• meowing

      When shopping, it’s gotten to where I’m not quite sure what electronic device I’m looking at any more.  And I fondly remember dial telephones.  And phone booths.

      • Spicytomato1

        Dial telephones that were bolted onto the wall so that mobile meant going only as far as the curly cord would stretch!

      • kimmeister

        Superman misses telephone booths.

        • meowing

          uh0h.  Now you know my secret identity.

      • formerlyAnon

        Telephones that worked. For years. For decades. Are older than I am and are STILL working. Even some of the Princess phones that weren’t bolted to the wall so they did, sometimes, get dropped/dragged/abused.

        Over designed? Anyone remember when some things lasted until you were sick of them and wished they’d break so you could replace them?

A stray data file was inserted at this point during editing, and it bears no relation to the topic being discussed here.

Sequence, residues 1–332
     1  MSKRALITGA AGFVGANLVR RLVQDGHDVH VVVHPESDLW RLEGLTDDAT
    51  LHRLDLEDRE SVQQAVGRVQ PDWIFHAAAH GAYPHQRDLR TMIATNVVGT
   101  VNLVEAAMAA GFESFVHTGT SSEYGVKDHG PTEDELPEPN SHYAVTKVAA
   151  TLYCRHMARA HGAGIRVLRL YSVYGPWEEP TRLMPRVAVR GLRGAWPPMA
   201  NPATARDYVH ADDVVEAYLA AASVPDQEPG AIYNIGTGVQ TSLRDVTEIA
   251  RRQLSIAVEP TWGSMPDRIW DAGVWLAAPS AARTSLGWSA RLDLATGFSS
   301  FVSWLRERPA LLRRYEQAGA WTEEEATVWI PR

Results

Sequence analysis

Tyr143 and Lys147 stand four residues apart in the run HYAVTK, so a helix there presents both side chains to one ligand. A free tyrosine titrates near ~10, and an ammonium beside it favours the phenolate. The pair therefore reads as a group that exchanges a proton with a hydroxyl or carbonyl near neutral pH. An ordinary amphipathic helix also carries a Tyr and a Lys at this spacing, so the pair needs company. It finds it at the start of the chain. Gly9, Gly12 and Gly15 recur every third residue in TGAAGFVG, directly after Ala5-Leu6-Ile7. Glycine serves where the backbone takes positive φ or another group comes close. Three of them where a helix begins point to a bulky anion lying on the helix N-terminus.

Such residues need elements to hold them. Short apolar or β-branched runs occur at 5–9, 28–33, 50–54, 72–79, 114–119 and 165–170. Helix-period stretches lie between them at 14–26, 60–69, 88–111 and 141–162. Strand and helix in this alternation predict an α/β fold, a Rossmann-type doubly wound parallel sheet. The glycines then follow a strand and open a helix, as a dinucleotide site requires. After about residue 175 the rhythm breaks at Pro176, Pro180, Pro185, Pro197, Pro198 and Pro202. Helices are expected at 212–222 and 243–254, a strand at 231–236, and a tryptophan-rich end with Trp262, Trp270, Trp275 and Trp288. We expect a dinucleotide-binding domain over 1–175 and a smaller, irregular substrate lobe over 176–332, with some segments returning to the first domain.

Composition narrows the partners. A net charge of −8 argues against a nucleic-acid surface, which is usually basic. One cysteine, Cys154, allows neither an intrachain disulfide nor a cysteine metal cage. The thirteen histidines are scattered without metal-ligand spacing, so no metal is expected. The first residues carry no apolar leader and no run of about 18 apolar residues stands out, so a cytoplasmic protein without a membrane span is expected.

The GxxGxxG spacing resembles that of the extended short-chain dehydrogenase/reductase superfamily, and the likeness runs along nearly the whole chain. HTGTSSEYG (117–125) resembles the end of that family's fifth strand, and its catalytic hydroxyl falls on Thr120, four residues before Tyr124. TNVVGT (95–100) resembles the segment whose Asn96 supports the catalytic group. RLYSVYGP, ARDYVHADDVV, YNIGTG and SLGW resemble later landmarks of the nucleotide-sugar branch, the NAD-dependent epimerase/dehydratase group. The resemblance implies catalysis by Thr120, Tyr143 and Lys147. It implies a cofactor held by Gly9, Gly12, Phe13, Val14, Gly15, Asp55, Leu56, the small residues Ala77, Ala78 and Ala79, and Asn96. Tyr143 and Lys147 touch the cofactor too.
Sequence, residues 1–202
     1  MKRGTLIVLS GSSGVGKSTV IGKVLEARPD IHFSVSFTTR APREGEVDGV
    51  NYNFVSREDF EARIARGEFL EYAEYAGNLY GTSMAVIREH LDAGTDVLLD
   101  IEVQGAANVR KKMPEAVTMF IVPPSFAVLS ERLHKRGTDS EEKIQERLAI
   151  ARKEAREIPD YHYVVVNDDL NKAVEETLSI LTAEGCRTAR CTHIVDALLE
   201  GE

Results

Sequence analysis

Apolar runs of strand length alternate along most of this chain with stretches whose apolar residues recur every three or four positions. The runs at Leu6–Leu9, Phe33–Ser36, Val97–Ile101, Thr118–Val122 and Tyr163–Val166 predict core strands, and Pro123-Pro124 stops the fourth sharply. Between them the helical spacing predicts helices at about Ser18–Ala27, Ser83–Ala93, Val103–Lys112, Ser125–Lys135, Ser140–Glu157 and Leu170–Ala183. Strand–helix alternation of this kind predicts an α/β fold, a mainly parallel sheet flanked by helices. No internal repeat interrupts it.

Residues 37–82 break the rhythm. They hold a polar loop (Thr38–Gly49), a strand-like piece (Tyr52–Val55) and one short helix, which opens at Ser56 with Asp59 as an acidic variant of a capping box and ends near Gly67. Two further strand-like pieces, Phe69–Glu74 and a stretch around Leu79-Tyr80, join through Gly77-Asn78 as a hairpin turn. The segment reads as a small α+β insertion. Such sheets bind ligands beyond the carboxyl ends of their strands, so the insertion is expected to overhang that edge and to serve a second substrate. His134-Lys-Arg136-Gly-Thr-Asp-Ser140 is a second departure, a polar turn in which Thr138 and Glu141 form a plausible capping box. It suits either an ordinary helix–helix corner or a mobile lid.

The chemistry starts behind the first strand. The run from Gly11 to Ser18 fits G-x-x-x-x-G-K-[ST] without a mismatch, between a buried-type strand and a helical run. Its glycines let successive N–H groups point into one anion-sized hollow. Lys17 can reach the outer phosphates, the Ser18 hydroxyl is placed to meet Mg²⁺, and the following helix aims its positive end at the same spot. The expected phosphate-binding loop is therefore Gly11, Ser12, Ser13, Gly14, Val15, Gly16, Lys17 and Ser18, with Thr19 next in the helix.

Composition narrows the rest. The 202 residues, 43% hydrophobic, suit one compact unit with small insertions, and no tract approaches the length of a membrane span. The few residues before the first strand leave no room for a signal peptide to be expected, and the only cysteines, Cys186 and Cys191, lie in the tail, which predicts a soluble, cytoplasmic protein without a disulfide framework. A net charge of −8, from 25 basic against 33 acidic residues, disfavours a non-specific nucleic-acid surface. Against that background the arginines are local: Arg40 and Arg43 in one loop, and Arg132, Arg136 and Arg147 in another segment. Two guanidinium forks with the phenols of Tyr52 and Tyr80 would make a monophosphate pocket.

Yes. I am ancient, my children.

      • muzan-e

        We had That Talk about dial phones too, once. Just once. Because it all devolved into a slightly hysterical “Because buttons weren’t invented back then, okay?!” It’s difficult to explain it in a way they can understand, because …. you know that old saying about how at some point, it becomes impossible to distinguish technology from magic?

        Because of that – musical spinny disks! rotary phonecalls!

        But in reverse.

        (I sympathise; spent hours trying to figure out my new cellphone. Maybe it was actually an iPod and nobody told me.)

  • Pants_are_a_must

    Focus Editorial: Hunky (Yet Non-Threatening) White Male Trying To Steal Some 13-Year Olds From Robert Pattinson’s Fan Club

  • Tadiana Walton Jones

    He’s too young for me and too old for my teenage daughter, but I’m sure we’ll both enjoy watching him when she drags me to the Hunger Games on opening night.

    • P M

       Ya know, based on my reaction to the third book, this 30-yr old Kitten (cat?) is not going to bother. I’ll wait for the DVD.
      That and the fact that they got Peeta (who is FAR more interesting than Katniss, IMHO) wrong in the casting.

      • Bridget Smith

        Ugh, I HAAATED the third book. It was so lazy I felt like I’d been cheated out of my money. I really enjoyed the first, but not enough to have strong emotional attachments to my vision of it, so I’m pretty excited for this movie.

        • P M